Not everyone in Baton Rouge who decides to divorce their partners are on good terms with them. In some divorce situations, one of the first things to go is civility. Malignant divorces usually end up as hostile confrontations instead of negotiations, states LiveAbout.com. If you are thinking of filing for divorce and your ex-partner is confrontational, ill-mannered, abusive or downright unpleasant, you might be in for the fight of your life. According to Psychology Today, it is not uncommon for one spouse to cause most of the divorce conflict.
You might not understand how to handle your divorce when your spouse is not cooperating. Here are a few suggestions to help make your separation easier to get through.
Do not unload feelings on your soon-to-be ex-spouse
Filing for divorce does not necessarily mean all your feelings for your partner are gone. It takes time for people to gain the closure they need to emotionally move on. Though you might believe it is a good idea for you to share your feelings with your ex, you could end up provoking a negative response from your ex. Keep any negative thoughts and feelings you have towards your ex-partner and about your divorce issues private and to yourself. Do not engage in conversations about your relationship and feelings either. All conversations and interactions between you and your spouse should be approached with a professional mindset.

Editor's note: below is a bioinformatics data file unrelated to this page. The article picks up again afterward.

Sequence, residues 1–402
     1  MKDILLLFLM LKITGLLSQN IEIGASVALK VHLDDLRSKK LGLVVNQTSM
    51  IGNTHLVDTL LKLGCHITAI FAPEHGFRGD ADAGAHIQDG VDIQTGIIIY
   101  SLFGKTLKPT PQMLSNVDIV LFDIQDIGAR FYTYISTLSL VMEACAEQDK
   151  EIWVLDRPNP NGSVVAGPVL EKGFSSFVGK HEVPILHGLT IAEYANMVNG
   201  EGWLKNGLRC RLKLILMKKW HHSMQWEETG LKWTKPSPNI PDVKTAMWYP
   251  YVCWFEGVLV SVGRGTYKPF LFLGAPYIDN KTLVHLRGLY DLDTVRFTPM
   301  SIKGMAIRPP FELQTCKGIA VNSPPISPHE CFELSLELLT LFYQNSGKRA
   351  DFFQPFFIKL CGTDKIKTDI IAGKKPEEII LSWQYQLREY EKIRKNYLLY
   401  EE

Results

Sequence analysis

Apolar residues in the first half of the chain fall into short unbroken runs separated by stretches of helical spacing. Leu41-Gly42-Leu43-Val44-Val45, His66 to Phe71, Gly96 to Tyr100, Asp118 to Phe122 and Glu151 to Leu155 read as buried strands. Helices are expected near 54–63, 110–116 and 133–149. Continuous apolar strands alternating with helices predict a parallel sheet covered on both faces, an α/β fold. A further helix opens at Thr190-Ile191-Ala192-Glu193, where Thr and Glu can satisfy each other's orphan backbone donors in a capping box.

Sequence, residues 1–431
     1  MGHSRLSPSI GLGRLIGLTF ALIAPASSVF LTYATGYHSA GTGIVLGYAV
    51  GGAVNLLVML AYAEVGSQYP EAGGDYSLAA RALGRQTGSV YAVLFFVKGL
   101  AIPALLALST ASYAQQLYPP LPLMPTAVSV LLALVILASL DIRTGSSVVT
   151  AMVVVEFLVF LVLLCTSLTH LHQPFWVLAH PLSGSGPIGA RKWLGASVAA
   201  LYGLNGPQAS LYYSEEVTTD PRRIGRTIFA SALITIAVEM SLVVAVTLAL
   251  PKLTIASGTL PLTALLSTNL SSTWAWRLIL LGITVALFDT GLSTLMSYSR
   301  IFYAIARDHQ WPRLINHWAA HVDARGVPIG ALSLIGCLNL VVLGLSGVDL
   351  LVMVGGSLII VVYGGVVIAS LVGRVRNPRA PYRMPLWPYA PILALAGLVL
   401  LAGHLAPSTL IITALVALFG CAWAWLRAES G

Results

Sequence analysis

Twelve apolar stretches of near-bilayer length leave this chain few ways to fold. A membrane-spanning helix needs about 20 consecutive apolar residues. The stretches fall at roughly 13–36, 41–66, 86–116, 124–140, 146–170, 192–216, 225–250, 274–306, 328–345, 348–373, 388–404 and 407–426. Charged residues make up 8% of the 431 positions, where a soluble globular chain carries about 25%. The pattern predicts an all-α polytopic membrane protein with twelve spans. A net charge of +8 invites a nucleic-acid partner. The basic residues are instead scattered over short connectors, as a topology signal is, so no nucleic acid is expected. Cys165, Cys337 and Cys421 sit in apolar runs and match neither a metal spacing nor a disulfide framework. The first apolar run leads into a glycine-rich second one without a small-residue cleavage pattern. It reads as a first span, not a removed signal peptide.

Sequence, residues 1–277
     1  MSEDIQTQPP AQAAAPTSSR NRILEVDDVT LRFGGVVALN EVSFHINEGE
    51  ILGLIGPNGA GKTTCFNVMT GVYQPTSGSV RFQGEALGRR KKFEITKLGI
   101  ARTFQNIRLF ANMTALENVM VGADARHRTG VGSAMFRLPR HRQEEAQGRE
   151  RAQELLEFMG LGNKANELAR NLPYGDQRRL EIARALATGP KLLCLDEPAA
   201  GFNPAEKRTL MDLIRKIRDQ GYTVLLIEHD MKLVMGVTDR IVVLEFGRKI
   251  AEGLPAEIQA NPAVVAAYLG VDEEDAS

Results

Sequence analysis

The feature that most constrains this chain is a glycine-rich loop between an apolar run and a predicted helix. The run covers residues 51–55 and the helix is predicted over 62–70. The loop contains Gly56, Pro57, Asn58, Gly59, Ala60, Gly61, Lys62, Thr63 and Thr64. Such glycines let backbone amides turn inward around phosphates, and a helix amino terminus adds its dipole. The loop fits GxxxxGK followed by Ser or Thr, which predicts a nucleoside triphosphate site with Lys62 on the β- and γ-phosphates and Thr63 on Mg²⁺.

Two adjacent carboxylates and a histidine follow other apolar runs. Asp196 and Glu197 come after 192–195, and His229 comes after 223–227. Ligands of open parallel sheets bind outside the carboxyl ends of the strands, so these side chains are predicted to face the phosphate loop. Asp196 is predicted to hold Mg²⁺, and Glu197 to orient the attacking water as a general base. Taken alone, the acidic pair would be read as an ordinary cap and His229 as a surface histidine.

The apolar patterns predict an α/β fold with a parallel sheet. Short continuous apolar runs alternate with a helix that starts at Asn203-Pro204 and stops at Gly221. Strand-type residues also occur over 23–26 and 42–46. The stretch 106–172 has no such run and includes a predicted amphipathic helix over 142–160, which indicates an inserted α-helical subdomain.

Be realistic about divorce expectations
Accept that you and your spouse may have unresolved issues long after the ink is dry on your divorce decree and move on. Keep a clear head about what you want to get out of your divorce and establish some goals to focus on. Do not forget to prioritize your children's needs and take measures to protect their best interests.
Sometimes there is no way to avoid a contentious divorce. You can make it more efficient and less confrontational by taking the high road and acting respectfully and amicably.